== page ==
Enjoy videos, movies, sports and tv shows in full HD p on your big TV screen. No cable, no laptop, no server, no complex setup, no additional hardware needed like Apple TV. Just use your iPhone, iPad or Android device to tap and stream.
See it Bleacher Report Live might be able to help. The free app for iPhone and Android lists upcoming games across multiple sports leagues, and tells you which streaming services or TV channels you need to watch them.
And if you don't feel like paying for yet another subscription, the app will even direct you to the nearest bar where the game might be playing. It's a handy tool for cord-cutters as streaming sports rights become ever-more fragmented.
Bleacher Report Live isn't exactly new. It first launched in January as "Catch Sports," but relaunched earlier this month with the new name and a design overhaul. The new app also offers a small number of free live sports streams, and will have more live sports later this year through a subscription service and on-demand purchases.
The app is owned by Turner, which is trying to spread its wings beyond traditional TV bundles.
When you first launch the app, it asks you to create a login. On Android devices, I would avoid using the Google sign-in option for now, because doing that can prompt the app to request your contacts list.
You can then select some favorite teams whose games you'd like to be notified about. From there, you can look through a list of upcoming games, filter the list so that only certain sports appear, and search for specific teams or leagues.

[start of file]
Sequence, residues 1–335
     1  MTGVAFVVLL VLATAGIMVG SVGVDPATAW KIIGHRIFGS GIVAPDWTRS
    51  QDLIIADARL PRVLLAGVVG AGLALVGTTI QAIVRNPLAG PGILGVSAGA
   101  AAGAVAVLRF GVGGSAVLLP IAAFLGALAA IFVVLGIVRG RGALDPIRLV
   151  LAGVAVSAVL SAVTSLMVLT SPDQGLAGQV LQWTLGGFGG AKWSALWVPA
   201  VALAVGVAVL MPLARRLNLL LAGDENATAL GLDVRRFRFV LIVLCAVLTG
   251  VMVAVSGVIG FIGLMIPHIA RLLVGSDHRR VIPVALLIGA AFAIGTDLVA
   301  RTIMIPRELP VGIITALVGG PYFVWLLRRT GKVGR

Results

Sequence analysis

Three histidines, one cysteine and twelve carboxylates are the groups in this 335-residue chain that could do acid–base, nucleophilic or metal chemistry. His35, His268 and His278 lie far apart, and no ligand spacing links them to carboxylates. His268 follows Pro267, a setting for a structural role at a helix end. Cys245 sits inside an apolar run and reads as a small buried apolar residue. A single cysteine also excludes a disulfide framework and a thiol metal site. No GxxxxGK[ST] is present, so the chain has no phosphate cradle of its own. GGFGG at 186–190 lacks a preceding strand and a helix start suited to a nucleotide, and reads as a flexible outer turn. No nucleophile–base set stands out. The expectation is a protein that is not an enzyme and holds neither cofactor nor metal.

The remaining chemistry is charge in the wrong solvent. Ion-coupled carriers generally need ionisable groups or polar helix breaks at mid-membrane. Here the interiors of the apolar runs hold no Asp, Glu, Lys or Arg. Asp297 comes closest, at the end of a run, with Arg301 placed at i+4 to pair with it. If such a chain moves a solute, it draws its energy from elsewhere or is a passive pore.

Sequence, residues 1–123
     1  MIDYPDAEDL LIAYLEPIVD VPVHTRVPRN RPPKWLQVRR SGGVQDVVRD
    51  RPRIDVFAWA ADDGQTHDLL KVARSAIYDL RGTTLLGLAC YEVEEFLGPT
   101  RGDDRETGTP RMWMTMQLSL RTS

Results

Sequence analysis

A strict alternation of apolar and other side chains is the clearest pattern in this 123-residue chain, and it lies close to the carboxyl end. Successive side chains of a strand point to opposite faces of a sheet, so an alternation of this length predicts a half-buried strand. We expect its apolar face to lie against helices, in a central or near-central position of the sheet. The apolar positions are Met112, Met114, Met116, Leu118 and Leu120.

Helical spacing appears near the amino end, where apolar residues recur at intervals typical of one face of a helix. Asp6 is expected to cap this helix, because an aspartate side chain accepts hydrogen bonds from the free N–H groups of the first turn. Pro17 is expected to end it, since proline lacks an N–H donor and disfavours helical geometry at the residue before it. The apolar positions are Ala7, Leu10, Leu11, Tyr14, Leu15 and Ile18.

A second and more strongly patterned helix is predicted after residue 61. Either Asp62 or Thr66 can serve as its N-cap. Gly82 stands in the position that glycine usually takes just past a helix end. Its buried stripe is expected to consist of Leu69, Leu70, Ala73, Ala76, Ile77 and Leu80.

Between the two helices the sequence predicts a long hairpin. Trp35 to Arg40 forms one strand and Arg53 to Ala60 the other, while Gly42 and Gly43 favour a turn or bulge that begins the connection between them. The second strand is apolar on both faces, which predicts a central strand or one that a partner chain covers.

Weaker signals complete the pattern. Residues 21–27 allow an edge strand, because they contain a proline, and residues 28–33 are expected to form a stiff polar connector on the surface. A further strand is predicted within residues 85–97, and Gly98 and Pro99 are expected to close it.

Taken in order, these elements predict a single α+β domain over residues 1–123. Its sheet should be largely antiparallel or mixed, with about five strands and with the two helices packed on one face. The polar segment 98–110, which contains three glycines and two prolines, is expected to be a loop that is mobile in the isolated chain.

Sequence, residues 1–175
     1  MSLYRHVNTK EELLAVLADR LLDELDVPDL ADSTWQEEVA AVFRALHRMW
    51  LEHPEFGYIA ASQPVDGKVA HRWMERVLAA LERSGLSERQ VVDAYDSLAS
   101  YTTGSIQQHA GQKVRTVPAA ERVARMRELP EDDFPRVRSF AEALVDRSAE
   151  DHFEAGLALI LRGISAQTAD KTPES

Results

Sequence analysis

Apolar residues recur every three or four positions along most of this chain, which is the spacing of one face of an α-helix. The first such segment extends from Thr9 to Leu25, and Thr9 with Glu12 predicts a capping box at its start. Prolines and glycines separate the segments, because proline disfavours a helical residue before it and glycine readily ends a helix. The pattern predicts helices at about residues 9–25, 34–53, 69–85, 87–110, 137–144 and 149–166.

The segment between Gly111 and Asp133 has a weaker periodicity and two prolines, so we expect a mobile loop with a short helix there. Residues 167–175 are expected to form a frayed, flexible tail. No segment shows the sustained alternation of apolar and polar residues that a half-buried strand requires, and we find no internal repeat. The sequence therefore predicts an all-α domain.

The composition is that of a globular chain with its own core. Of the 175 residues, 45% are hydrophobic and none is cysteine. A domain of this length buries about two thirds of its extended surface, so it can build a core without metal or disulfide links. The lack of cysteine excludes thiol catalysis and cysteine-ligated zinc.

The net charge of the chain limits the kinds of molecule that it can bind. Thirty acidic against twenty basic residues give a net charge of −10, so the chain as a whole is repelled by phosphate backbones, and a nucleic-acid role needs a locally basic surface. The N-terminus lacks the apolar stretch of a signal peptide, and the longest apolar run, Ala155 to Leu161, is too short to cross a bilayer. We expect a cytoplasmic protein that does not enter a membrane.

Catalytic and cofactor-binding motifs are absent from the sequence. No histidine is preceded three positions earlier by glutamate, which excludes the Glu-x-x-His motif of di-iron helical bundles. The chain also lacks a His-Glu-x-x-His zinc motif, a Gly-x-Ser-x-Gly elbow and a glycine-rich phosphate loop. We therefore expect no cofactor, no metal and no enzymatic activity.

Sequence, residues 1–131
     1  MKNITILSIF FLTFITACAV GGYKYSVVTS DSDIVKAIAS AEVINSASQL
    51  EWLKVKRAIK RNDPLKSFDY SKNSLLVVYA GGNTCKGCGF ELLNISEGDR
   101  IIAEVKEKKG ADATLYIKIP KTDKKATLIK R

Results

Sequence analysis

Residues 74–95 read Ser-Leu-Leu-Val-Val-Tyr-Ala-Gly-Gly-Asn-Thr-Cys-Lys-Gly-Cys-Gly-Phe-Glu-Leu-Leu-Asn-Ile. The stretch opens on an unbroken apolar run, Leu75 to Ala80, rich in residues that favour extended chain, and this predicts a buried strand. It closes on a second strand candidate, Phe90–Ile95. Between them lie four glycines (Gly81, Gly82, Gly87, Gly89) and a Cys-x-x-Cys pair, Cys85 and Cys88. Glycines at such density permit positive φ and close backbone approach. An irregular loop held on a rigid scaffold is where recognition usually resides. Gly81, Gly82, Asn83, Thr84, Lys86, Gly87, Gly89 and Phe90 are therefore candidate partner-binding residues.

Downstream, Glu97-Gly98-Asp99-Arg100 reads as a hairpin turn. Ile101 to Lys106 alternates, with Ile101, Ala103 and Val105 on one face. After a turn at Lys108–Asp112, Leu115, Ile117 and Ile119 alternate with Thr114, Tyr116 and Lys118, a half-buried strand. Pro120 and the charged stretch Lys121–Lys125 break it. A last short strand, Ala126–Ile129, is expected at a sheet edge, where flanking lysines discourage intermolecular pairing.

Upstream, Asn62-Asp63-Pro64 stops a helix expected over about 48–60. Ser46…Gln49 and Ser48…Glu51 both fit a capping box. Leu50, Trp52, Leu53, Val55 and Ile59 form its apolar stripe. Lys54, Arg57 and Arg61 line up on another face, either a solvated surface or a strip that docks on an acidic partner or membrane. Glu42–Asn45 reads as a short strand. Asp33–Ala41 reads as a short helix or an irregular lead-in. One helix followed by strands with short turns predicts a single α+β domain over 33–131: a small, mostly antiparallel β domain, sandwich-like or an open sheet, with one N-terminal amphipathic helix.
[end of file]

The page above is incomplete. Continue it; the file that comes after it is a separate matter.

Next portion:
The app doesn't list everything--I didn't see any boxing, rugby, or cricket, for instance--but it covers all the major U. Once you've found something you want to watch, just tap the "Ways to Catch" button and the app will list the streaming services and TV channels where it's available.
You can also sign up to get alerts when the game starts. Unfortunately, Bleacher Report Live does not list individual streaming bundles as sources in most cases.
Our streaming TV bundle guide can help you sort through all that. For the NBA Playoffs , it even lists TNT Overtime, the free streaming site that offers alternate camera angles and commentary instead of the main broadcast feed.
As for bar listings, your mileage may vary by location. In my neck of Cincinnati, the app suggested one local bar for Reds games--I'm certain there are many others--along with a local high school and a college sports arena that most definitely do not have the games on TV.
A Turner spokesman says the company relies on proprietary data for these listings, and is still improving them. My guess is that users in larger cities will fare better.
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